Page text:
While in Phnom Penh Cambodia, I made sure to visit the Killing Fields, to learn about the tragedies, the history and how it has shaped the culture and people’s views of the world.
One evening on my way home from a bustling night market, I caught a tuk-tuk back to my hotel and my driver and I started chatting. He began by asking me the obvious questions: “where are you from, how long are you here for, do you need a driver for tomorrow,” etc.
We laughed and joked despite the obvious language barrier between us. His English was very minimal and my Khmer was next to none, but we didn’t let that stop us. I arranged for him to pick me up the following morning to take me to the Killing Fields.
Soon enough it was my turn to ask questions. I asked him where he was from, how long he’d been a tuk-tuk driver for and how long he had lived in Phnom Penh. He told me that the village he was born in no longer existed, that he had come to Phnom Penh in the 1980’s as a toddler with his mother and that he had spent his whole life raising money with the dream of one day buying a tuk-tuk. He had only owned his tuk-tuk for around five years.
And then I did something stupid: without even thinking about it, I asked him if his family lived in Phnom Penh too, and the air shifted. He responded with a silence that was only occasionally broken with muffled sniffles and low sighs. When we got to my hotel, I gave him an extra ten dollars and shook his hand. He thanked me profusely and drove off in tears, no longer able to hold them back.
Those were tears that I shared the next day when I visited the Killing Fields. I had never seen anything so brutal and inhumane in my life. For the people of Cambodia, the Killing Fields have equated to displacement, execution and mass graves, all of which are a shared family history and the poverty that rips through the country is the phantom of the past that continues to haunt them.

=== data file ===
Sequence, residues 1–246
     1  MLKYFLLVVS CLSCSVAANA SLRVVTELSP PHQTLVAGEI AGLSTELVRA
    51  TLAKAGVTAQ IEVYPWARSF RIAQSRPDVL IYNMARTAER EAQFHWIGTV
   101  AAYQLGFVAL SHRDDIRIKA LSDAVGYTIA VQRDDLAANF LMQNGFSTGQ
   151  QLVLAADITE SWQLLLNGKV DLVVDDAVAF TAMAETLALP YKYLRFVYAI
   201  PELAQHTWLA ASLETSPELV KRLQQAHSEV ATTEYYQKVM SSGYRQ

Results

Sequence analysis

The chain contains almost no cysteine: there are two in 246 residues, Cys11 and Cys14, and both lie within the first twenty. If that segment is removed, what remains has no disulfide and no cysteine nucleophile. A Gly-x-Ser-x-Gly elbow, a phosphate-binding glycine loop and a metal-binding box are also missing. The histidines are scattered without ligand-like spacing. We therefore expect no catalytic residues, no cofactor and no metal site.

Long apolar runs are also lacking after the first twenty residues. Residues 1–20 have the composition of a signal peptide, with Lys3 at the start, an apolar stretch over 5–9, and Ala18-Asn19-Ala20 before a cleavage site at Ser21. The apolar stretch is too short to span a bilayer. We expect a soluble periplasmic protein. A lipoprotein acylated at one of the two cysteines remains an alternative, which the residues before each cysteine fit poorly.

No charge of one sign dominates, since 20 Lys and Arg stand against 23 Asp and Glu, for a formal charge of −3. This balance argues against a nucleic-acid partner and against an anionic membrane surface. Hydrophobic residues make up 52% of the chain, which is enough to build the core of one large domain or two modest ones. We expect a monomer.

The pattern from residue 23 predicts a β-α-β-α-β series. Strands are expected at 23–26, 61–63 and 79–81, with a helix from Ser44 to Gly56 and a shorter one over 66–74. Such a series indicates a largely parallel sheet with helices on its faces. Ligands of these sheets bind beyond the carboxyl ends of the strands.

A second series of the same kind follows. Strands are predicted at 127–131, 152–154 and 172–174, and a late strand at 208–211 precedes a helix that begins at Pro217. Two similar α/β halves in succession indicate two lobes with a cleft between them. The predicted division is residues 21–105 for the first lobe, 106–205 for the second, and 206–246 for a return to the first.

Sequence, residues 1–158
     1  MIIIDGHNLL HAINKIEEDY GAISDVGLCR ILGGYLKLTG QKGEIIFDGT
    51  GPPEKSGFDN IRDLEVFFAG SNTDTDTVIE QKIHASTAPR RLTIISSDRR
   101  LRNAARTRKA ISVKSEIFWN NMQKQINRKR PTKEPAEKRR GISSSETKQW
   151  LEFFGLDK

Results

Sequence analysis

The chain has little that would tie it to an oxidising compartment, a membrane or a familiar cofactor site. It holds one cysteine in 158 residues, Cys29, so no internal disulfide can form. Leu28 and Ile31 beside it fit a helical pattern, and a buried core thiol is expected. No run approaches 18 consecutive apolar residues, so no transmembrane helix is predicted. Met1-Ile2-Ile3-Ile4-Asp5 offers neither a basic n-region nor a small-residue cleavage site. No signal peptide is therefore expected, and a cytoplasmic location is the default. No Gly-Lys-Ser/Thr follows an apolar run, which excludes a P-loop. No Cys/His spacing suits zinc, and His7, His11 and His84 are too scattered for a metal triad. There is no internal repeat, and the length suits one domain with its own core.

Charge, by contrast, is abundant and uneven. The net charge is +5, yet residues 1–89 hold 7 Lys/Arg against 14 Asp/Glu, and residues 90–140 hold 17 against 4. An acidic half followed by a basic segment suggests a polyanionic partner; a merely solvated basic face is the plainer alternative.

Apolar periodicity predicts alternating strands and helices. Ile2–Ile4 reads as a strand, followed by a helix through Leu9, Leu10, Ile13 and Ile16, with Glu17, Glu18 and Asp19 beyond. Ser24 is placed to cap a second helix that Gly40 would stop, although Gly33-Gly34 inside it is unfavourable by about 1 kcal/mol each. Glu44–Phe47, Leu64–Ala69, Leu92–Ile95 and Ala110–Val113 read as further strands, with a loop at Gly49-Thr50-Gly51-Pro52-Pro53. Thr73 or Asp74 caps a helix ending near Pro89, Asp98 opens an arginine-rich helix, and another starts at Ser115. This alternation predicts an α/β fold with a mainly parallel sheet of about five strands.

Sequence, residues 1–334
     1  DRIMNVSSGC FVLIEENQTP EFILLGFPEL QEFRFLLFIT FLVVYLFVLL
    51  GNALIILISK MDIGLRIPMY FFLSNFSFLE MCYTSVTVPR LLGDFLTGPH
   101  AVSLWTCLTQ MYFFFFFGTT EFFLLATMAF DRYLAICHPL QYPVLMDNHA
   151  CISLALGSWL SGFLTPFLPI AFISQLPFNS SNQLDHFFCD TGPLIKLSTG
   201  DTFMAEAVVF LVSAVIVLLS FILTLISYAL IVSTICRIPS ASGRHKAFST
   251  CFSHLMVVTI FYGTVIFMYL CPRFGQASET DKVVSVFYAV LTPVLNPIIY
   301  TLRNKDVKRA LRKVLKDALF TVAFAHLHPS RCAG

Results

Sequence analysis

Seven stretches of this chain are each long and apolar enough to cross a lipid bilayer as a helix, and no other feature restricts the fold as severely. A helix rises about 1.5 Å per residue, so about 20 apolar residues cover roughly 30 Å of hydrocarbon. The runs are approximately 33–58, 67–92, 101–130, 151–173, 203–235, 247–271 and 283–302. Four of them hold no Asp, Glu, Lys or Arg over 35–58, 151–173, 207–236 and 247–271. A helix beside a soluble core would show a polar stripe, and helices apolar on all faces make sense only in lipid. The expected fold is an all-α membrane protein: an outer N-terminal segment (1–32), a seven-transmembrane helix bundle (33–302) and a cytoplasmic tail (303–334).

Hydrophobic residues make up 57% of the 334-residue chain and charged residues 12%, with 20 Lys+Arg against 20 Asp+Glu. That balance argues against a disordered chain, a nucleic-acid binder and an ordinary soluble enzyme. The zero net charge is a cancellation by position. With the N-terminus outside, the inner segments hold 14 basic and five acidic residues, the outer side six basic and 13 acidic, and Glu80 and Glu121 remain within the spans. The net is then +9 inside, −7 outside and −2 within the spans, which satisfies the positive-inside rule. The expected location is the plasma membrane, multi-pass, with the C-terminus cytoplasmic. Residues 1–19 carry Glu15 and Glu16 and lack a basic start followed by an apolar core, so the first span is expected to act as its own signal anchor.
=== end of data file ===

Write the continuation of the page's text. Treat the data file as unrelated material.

Every single person has a story of their own about the Killing Fields and that time; this regime left no one untouched. A museum curator later told me of how he was ripped away from his family as a child and forced to fight a war that he didn’t understand. The Khmer Rouge taught him how to set mines and fire rifles, stripping him of his human right to a childhood. He now dedicated his life to disarming the mines that he had once been a part of placing.
Cambodia is a country of people who are just trying to put each other back together, and in the absence of the ones that were taken from them they share a broken connectedness. They have endured trauma, separation and unspeakable horrors, but in spite of all these things a message echoes throughout the country: “We will never let this happen again.”
Lainie Liberti is a recovering branding expert, who’s career once focused on creating campaigns for green – eco business, non-profits and conscious business. Dazzling clients with her high-energy designs for over 18 years, Lainie lent her artistic talents to businesses that matter. But that was then.
In 2008, after the economy took a turn, Lainie decided to be the change (instead of a victim) and began the process of “lifestyle redesign,” a joint decision between both her and her 11-year-old son, Miro. They sold or gave away all of of their possessions in 2009 and began a life of travel, service, and exploration. Lainie and her son Miro began their open-ended adventure backpacking through Central and South America. They are slow traveling around the globe allowing inspiration to be their compass. The pair is most interested in exploring different cultures, contributing by serving, and connecting with humanity as ‘global citizens.’
Today Lainie considers herself a digital nomad who is living a location independent life. She and her son write and podcast their experiences from the road at Raising Miro on the Road of Life.